Words Out Loud, in the Middle of Nowhere | Live Culture

Words Out Loud, in the Middle of Nowhere


Alison Prine reading in Old West Church - KELLEY GOULETTE
  • Kelley Goulette
  • Alison Prine reading in Old West Church
Art at the Kent is a quintessentially Vermont experience: a large, important art exhibit in the middle of nowhere. The venue is the Kent Museum, in East Calais, a historic 1830s brick and wood building owned by the State of Vermont that lies at a dirt crossroads. Driving the mostly empty rolling hills earlier this month to the opening of “Refuge,” this year’s art exhibit, I was sure I had lost my way — until I began passing lines of parked cars on both sides of the road extending half a mile from the building.

I returned on September 24 for one of three Sunday poetry readings in the related series “Words Out Loud.” These occur down the road from the Kent, at the Old West Church, and finish with wine-and-cheese receptions amid the art. Again, cars lined the road in both directions.

The Kent Museum, James Crews - AMY LILLY
  • Amy Lilly
  • The Kent Museum, James Crews
The church is open year-round — there's no lock on the door of this completely original 1832 structure — but carpe diem comes into play with the Kent: It’s open only one month a year, thanks to the volunteer efforts since 2007 of three East Calais residents who happen to be curators: Allyson Evans, Nel Emlen and Vermont state curator David Schutz.

A fourth, poet Mary Elder Jacobsen of North Calais, started curating the accompanying poetry series four years ago. Each year, she chooses poets whose work reflects the theme of the art exhibit in some way. The title “Refuge” is meant in part to echo the Kent’s original purpose: It was constructed in 1837 as an inn for travelers on the once-busy byway, and served as such for about 10 years.

Sunday’s readers were Burlington poet Alison Prine and Shaftsbury poet James Crews — both of whom, it could be said, take refuge in crafting language. Prine lost her mother in a car accident when she was a young child, and lost her brother to suicide as an adult. Crews’ father died when James was 20. Loss, Prine said between poems she read from her book, Steel, and a manuscript, is her primary subject.

Steel won the 2016 Cider Press Review Book Award, and, the night before, Prine had attended the Vermont Book Award gala as a finalist. The poems she read often ended in unforgettable images, fittingly for a series related to art. In the case of “Rearview Mirror: January,” the image is also hauntingly suggestive. The memory of her mother’s death, the final stanza reads, “comes back like the sound /of those old rotary phones — /the one choking ring they make /when they’re slammed against the floor.”

Between poems, the only audible sound apart from audience murmuring was the buzz of flies, or perhaps bees. It’s still 1832 in the Old West Church. The poets read from the original pulpit, an elevated fire-and-brimstone construction that positions them high above their listeners. The latter sit on benches in square box pews, made from white pine, with posture-straightening vertical backs. “You’re such a lovely, quiet audience,” Prine joked. “Everyone is being very good in church today.”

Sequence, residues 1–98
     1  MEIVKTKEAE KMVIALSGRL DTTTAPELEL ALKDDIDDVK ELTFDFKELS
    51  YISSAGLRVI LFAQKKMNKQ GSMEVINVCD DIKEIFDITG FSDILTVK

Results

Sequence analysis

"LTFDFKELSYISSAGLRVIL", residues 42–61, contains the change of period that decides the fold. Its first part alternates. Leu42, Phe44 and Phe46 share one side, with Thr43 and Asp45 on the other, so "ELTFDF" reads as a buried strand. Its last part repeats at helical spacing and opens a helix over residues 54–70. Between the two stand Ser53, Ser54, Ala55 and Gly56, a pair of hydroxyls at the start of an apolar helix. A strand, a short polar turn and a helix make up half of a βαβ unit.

As Schutz later informed me, the layout of the seating, as well as the second-story gallery, which wraps around three sides, was nostalgic for its time. The Calais residents who built the church were only one generation beyond the settlement’s founders; they looked back to the 17th-century Massachusetts churches they had known for models. They built the Old West to accommodate all faiths and funded it by selling box pews. I sat in number 38 — for which V. Allen paid $40, according to a copy of the original pew chart hanging in the narthex. (Not those Allens, Schutz assured me.)

Whereas Prine read with a tone steadily infused with the emotion of her subject matter, Crews chose to let the words alone convey emotion. It was a Crews poem that drew me to the reading. Once, last year, I came across a work of art by Felix Gonzales-Torres in the Met Breuer in New York City that consisted of a pile of colorfully wrapped candies. The artist, the guard informed us, meant for visitors to eat them, and he replenished the pile regularly.

Long after my ill-informed amusement had faded, I discovered that Crews had written an entire book of poems about Gonzales-Torres. One — “Fan Letter” — left no doubt as to the emotion captured in the artwork, which was calculated to weigh the same as the artist and his lover just before the latter died of AIDS. The poem’s speaker observes one man “bent over your sculpture / popping piece after piece in his mouth / chewing and sobbing.”

At the reading, Crews read from his most recent book, Telling My Father, and a manuscript, but his newer poems conveyed the same attention to relationships and community. His book title stemmed from the fact that Crews never came out to his father, he informed the audience, “but I think he knew.” The title poem describes the morning his father noted “traces of last night’s eyeliner.” “Out late was all he said. And then smiled, / rubbing the small of my back through the robe.”

Another poem, “Kindness,” is an appreciation of life in small-town Shaftsbury, where solicitous neighbors ask after each other’s wife or knee in talk that “we insist on calling small.”

Audiences have one more chance to find refuge at the Old West Church next Sunday, when Greg Delanty and Madeleine May Kunin will read their poems, followed by small — and thereby crucial — talk at the Kent.

"Refuge: Vermont Artists Respond" is on view Friday through Sundays 10 a.m. to 5 p.m., through October 8.

Words Out Loud featuring Greg Delanty and Madeleine Kunin is Sunday, October 1, 3-5 p.m. at the Old West Church.

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